Mercedes driver Valtteri Bottas put in a steady shift out-front while excitement abounded behind him to win the Austrian Grand Prix on Sunday, the first race of the 2020 Formula 1 World Championship season at Red Bull Ring.
Backing-up his pole position from Saturday, the Finn led throughout the afternoon, with Ferrari’s Charles Leclerc and McLaren’s Lando Norris making-up the podium spots after a chaotic final act to the race.
The Finn said after the race, “That was definitely quite a bit of pressure on through the race one safety car was still ok with the last one I was like ‘come on’ there were so many chances for Lewis to come through if made a small mistake.
“I managed to keep it together and control the race from my side and it’s a good start to the season. We had to manage the car quite a lot so we couldn’t use all the kerbs but I’m glad all the cars managed to finish, and the team standings we are leading so that’s a very good start.”
Indeed, a safety-car restart with ten laps to go made it look like anyone of Bottas, his Mercedes teammate Lewis Hamilton or Red Bull’s Alexander Albon could have won the race, but the latter two didn’t even make it to the podium after an unfortunate coming-together.
Shod with soft tyres to the two Mercs’ hards, Albon quickly closed on Hamilton before trying to pass him around the outside of turn four.
Holding the inside line, Hamilton collided with Albon as he exited the corner, forcing the Thai into retirement and earning himself a five-second penalty which Leclerc and Norris – with his first career podium – took full advantage of.
Leclerc was clearly pleased how the afternoon panned out for him, “It was a huge surprise but a good one. We did everything perfect today, had a bit of luck with Lewis’ penalty and a few crashes here and there but that’s part of the race too.
“We just wanted to to take every opportunity to find the pace to finish where we were. There’s still a lot of work to do but anything is possible. We will work as a team and we can come back strong. I wanted to be very aggressive, every safety car into Turn 1-3 there was no opportunity here, but I knew my opportunity.”
Norris – the youngest ever British driver to finish on an F1 podium – was more than surprised, while his team boss Zak Brown was high-fiving his way to the podium with the broad grin evident under the orange face-mask.
Norris told MC Jenson Button, “There’s a few moments where I thought I fudged it. I dropped to fifth with a few laps to go and Carlos nearly passed me and I managed to get back past Checo and I ended up on the podium. It was a good race, a hard last few laps to push as hard as I can.
“I’m so happy for the team to achieve what we have given where we were a few years ago. The last few laps when I had to get past Checo I saw he had a five-second penalty. I was vulnerable to the guys behind but I had to try and get past him and then there was the Lewis penalty so I had to get past him and try and push it – it’s a lot about rhythm here… and I’m very happy.”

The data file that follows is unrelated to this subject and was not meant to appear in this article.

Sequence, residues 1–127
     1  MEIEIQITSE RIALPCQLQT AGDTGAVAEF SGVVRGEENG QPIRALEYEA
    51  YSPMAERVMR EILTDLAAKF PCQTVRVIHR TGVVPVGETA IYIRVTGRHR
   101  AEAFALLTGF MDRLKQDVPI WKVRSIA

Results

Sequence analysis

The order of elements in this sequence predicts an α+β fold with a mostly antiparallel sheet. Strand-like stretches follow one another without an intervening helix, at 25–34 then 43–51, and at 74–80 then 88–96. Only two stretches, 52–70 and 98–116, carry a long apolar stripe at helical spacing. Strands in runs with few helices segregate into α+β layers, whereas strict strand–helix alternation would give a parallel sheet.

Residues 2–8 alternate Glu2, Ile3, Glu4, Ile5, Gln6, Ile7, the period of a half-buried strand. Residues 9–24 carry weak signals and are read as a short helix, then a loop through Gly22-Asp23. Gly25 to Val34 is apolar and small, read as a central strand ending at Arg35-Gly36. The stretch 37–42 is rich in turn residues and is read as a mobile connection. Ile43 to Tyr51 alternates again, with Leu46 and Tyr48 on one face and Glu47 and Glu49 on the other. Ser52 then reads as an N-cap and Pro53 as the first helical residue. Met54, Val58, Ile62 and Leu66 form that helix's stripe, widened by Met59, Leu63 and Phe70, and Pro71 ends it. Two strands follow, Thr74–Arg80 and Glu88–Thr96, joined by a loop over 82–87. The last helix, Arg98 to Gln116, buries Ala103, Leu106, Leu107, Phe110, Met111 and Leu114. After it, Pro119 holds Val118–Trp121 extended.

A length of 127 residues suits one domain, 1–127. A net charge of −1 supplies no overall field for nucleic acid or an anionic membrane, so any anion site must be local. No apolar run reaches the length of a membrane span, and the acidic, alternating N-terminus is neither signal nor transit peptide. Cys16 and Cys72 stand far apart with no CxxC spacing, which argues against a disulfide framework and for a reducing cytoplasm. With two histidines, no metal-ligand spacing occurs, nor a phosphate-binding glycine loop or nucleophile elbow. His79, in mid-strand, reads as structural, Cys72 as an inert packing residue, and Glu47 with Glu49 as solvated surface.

And while Hamilton-Albon saw the most costly retirement of the race, it was far from the only one. Nine of the 20 drivers failed to make the finish, with the casualties quickly racking-up as the unforgiving nature of the Red Bull Ring took its toll.
First to go was Albon’s teammate Max Verstappen, with a suspected electrical issue bringing his race to an end on lap 11.
Renault’s Daniel Ricciardo and Racing Point’s Lance Stroll followed soon thereafter, after which Haas’ Kevin Magnussen joined the party by spinning into the barriers on lap 26, bringing out the first safety car of the afternoon.
Upon the restart Sebastian Vettel almost immediately clashed with his Ferrari successor Carlos Sainz, both cars getting away relatively unscathed but the German forced to start again from the back of the field.
The next crisis befell the front-running Mercedes, with both drivers told to keep off the kerbs due to a gearbox issue, although their lead remained secure for the moment.
Haas then became the first team to suffer a double-DNF, with Romain Grosjean unable to keep his car on-track due to a suspected brake issue.
George Russell, who was running 13th at that point, brought out the second safety car of the afternoon when he was forced to pull to the side of the track, allowing Albon to make his switch onto softs.
Resuming with 17 laps to go, the restart proved short-lived when the front-right tyre of Kimi Raikkonen’s Alfa Romeo came off, putting the Finn into the pit wall.
After the third-and-final restart and the aforementioned coming-together between Albon and Hamilton, Daniil Kvyat became the final retirement with a tyre failure.
As a result, the final top ten was nothing short of eclectic, even outside the podium places.
After his penalty Hamilton was fourth, while Norris’ teammate Carlos Sainz managed to jump ahead of Racing Point’s Sergio Perez due to the Mexican receiving his own five second penalty.
Pierre Gasly was seventh for AlphaTauri, ahead of Esteban Ocon in eighth, the latter scored his first points in his first race back in F1.
Antonio Giovinazzi was ninth thanks despite driving an Alfa Romeo that lacked pace throughout the weekend, while Vettel snagged the final point in a race that did nothing to prove his detractors wrong.
Williams’ Nicholas Latifi was 11th and last of the cars still running at the flag, albeit nearly four seconds behind the top-ten.